I had to chuckle when I read about Bernice Travois, the town midwife, whose home was painted to the height of a man, because they didn’t have a ladder, as I heard the same story about my Mom’s childhood home. When we were visiting Michigan, she pointed out a home she had lived in as a kid and told me that once her Dad (my Grandpa) had told the boys to go out and paint the house. The boys all proceeded to paint the house as high as they could reach-- and no more was ever done!

The characters in the book would make very insightful statements that kept me going through the story, seeking out the next gem of wisdom.

Half the bones in your body are in your hands and feet. If nothing else, that should tell a person to stand and hang on.
Winter makes a person pick sides.
All the rooms of the world are the same once the door is shut.
If you're wondering about the origin of the title of the book, it was shared in the very beginning, via the journal of Timofei Osipovich Tarakanov of 1808:
I stopped what I was doing and asked what was so amusing and the old man surprised me and replied in English, what he called the Boston tongue, that I needed to beware of the bully of order… The old hunter carried forth in his own language and soon he’d referenced the sea and the land, hunter and prey, husband and wife, father and son, mother and child, even slave and master...
One thing I missed was a map of the area. I used to live in Washington, and looked out at the Olympic Mountains every day, but I had a hard time envisioning in my head the location. I wanted to see the Hoaquim and Chehalis and Hoh, although there is a very good description of the area right at the beginning, and the book's cover does have an old photo of the harbor.

I would like to thank TLC Book Tours for including me on this tour. Check out the website for the full tour schedule:

Tuesday, September 2nd: M. Denise C.
Wednesday, September 3rd: missris
Thursday, September 4th: Reading Reality
Monday, September 8th: Cerebral Girl in a Redneck World
Thursday, September 18th: Mom in Love With Fiction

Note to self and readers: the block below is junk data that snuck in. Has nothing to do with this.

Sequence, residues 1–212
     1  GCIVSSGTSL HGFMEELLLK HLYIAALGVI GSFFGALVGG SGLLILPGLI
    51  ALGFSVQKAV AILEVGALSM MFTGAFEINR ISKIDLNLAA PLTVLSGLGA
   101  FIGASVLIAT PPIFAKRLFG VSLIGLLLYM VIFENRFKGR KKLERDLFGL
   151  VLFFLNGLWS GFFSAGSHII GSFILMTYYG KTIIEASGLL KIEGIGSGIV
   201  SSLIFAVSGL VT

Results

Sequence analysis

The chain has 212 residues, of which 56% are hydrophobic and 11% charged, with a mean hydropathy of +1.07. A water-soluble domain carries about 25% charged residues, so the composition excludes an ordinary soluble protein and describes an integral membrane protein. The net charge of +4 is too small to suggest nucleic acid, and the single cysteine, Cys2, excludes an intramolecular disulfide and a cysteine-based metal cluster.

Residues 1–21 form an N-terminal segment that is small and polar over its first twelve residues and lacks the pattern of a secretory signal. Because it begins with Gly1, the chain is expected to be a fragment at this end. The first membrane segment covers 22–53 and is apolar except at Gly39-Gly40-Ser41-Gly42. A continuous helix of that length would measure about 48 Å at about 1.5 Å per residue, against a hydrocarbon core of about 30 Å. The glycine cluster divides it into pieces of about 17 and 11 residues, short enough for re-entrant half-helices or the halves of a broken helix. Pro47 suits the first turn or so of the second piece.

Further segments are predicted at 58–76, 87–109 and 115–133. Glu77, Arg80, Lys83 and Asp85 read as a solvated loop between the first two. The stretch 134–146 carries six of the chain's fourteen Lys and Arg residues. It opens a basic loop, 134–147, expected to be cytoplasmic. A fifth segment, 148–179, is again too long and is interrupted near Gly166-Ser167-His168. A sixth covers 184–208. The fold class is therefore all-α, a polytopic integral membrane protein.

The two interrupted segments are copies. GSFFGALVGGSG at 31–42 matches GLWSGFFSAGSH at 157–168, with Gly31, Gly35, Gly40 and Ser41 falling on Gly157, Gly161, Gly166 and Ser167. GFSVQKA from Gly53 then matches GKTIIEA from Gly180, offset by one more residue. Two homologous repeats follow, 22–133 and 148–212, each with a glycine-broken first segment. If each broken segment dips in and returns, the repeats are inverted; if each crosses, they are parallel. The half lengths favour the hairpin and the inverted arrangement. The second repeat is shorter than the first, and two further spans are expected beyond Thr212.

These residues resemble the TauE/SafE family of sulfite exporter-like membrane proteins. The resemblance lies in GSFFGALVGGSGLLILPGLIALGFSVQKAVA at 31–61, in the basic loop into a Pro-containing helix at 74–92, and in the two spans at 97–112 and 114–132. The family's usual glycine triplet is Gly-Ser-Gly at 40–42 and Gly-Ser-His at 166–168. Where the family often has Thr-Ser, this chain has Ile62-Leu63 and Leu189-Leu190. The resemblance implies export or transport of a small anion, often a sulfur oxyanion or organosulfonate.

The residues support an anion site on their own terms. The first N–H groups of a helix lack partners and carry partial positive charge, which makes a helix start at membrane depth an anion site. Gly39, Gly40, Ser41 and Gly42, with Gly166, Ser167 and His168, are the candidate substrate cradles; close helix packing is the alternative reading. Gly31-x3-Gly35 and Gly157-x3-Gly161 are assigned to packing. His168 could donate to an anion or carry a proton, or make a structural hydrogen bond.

Friday, September 19th: Broken Teepee
Monday, September 22nd: No More Grumpy Bookseller
Friday, September 26th: Sun Mountain Reviews
Thursday, October 2nd: Jo-Jo Love to Read!
Tuesday, October 7th: Book Addiction
TBD: Book Loving Hippo

My final word: This is really a story about failure. Everyone fails everyone else, and themselves most of all. Some eventually realize their failures, and some just don’t care.This story is not for the faint of heart, as it is very crass and abrasive, and many will find the language and certain situations offensive, but it is also a fairly realistic portrayal of life in the newly settled northwest. The story is not sensitive and sentimental. It is gritty and unromantic and provocative. Interesting characters abound. The writing sometimes made me work a little harder than I like (I generally prefer literary fiction that is a rambling stroll through a flowery meadow rather than a taxing and arduous climb through mud and muck), but this story is well done. This author knows what he's doing, and he has crafted an interesting story with colorful characters to make all of the hard work worthwhile.

Buy Now:

Barnes and Noble

My Rating: B+


I received a copy of this book to review through the publisher and TLC Book Tours, in exchange for my honest opinion. I was not financially compensated in any way, and the opinions expressed are my own and based on my observations while reading this novel. The book that I received was an uncorrected proof, and quotes could differ from the final release.

1 comment:

Heather J @ TLC Book Tours said...

Oh that is hilarious about the painted walls - what a fun story to tell!

Thanks for being a part of the tour.